A common problem many authors make is that they are afraid to use the word “said.” The characters hardly ever “say” something. They shout, whisper, chortle, sneer, interject, retort, etc. Their goal in using these dialogue tags is to make dialogue more lively and dynamic—however, this usually has the opposite effect.
A common piece of advice is to vary your word choice to create richer and more descriptive writing. However, in the case of dialogue, “said” works more like punctuation. The word “said” is so ubiquitous as to be unmemorable: that is its usefulness to the author. The reader’s eye skims over “said,” allowing him or her to focus solely on what the character is saying.
That does not mean you should never have a character shout when they are excited or whisper when they have a secret to share. However, when every single dialogue tag is an alternative to “said,” it can be distracting. It’s as if the characters are hammy actors, gesticulating wildly to get us to pay attention to their lines. Let your dialogue stand on its own.
Substituting supposedly better words for “said” creates the same problem as pulling out the thesaurus “to improve” every piece of description. While the phrase “luminescent viridian orbs” contains a few ten-dollar words, the reader would appreciate simply knowing the hero has bright green eyes.
Telling authors to use different words for “said” does address an actual problem. Dialogue like this isn’t exactly exciting, either:
“You’re the only one I’ll ever love,” he said.
“I wish you wouldn’t say things like that,” she said.
“Why not?” he asked. “It’s true,” he said.
“This isn’t serious and you know it,” she said.
Keep “said” in your writer’s toolkit, but also vary the dialogue’s structure by adding in actions and descriptions.
One way to do this is to bring in the character’s thoughts. This is a way to demonstrate a character’s inner conflict; there are many things we think that we don’t let ourselves say. Just remember to keep direct thoughts in the head of the viewpoint character. For example:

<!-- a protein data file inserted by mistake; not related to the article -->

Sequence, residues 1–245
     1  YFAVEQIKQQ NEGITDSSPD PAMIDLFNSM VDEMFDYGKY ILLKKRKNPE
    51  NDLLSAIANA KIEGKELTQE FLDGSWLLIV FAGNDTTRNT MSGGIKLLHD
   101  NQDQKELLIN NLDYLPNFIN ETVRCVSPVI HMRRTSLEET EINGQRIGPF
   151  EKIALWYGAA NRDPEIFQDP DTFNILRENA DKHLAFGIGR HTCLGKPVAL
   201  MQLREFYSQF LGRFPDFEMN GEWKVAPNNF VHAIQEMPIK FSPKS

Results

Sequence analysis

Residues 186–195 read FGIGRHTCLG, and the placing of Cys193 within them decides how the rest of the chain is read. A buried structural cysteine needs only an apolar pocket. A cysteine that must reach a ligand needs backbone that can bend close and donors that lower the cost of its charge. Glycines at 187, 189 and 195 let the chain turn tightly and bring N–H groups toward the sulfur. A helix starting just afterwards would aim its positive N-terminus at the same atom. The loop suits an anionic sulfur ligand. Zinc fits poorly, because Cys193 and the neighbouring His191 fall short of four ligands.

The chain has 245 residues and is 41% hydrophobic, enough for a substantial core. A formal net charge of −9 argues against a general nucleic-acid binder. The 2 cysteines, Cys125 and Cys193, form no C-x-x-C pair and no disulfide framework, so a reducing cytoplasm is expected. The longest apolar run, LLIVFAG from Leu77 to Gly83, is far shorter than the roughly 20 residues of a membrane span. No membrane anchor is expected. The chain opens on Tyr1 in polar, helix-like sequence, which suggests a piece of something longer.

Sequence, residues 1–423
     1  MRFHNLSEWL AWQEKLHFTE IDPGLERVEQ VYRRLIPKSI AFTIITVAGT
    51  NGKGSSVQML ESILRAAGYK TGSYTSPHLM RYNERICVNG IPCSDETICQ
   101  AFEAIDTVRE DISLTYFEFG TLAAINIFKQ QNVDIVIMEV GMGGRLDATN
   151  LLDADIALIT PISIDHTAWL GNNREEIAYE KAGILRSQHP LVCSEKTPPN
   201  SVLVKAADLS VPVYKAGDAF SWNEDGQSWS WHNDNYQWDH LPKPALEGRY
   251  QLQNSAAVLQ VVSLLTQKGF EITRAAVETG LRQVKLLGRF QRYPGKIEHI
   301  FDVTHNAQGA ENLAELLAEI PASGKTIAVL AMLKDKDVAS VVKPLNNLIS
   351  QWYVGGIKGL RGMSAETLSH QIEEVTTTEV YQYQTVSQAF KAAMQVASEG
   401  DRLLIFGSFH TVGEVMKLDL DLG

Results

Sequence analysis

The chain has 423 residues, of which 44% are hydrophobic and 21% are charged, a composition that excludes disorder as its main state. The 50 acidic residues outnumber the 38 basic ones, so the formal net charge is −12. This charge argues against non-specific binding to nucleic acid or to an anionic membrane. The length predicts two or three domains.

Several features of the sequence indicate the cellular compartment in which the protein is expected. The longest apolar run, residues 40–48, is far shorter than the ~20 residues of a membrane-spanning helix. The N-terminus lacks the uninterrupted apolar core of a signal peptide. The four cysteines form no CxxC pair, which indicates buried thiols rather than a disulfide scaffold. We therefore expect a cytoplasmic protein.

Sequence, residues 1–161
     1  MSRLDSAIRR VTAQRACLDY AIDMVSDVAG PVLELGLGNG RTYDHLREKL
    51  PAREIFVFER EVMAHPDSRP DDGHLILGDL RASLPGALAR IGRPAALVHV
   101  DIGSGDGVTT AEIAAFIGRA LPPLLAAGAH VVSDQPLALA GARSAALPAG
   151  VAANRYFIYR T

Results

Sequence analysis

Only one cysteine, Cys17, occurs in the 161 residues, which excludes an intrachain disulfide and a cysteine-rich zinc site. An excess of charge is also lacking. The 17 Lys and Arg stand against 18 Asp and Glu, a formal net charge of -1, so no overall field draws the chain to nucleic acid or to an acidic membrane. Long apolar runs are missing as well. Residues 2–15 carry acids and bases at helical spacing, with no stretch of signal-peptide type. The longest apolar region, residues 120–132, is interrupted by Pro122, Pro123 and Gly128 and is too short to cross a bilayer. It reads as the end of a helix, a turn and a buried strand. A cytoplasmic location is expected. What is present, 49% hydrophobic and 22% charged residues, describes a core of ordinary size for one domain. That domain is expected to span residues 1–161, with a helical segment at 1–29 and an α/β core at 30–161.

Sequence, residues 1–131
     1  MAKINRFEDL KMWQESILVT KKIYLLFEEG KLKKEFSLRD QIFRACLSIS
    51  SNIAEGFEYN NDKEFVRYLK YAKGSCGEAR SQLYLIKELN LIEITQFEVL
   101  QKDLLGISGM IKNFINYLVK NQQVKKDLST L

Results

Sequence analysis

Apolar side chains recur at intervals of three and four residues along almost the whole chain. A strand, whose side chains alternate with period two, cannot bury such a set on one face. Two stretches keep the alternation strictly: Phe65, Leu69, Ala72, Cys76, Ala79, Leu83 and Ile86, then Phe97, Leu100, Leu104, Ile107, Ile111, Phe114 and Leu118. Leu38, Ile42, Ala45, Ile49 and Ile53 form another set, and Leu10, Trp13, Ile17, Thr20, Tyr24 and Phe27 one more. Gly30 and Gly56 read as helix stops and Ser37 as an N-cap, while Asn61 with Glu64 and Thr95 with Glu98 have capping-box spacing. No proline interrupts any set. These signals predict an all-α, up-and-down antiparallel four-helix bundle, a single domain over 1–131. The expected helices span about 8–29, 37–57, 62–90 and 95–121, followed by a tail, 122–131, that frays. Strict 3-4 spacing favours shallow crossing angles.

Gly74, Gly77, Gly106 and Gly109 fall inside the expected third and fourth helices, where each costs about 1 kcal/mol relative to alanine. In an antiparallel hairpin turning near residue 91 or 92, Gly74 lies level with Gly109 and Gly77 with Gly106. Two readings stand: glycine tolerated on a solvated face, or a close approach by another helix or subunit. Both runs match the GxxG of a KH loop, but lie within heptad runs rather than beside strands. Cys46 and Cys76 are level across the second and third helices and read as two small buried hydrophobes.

“You’re the only one I’ll ever love,” he said. “Being with you is the best thing that ever happened to me.”
“I wish you wouldn’t say things like that,” she protested.
“Stop.” She wondered if the other diners could hear them. “I wish you wouldn’t say things like that.”
“I wish you wouldn’t say things like that.” Why do I have such bad luck with men?
Another way to develop dialogue is to bring in more description. Showing a character’s actions, facial expressions, or body language will bring them alive for the reader. More description can also give us a clearer picture of a scene by having characters interact with the environment. For example:
“Why not? It’s true,” he retorted.
“This isn’t serious and you know it,” she argued.
“Why not? It’s true,” he said. John unconsciously clenched his fist, knuckles whitening. She wondered if he noticed.
A headache pounded behind her temple; the restaurant‘s music was grating.“This isn’t serious and you know it.”
Although revision can seem daunting at first, with just a few changes you can create more dynamic prose. Dialogue is a key aspect of writing fiction, a way to produce memorable and exciting characters. Don’t let your readers become distracted by awkward phrases or word choice; inste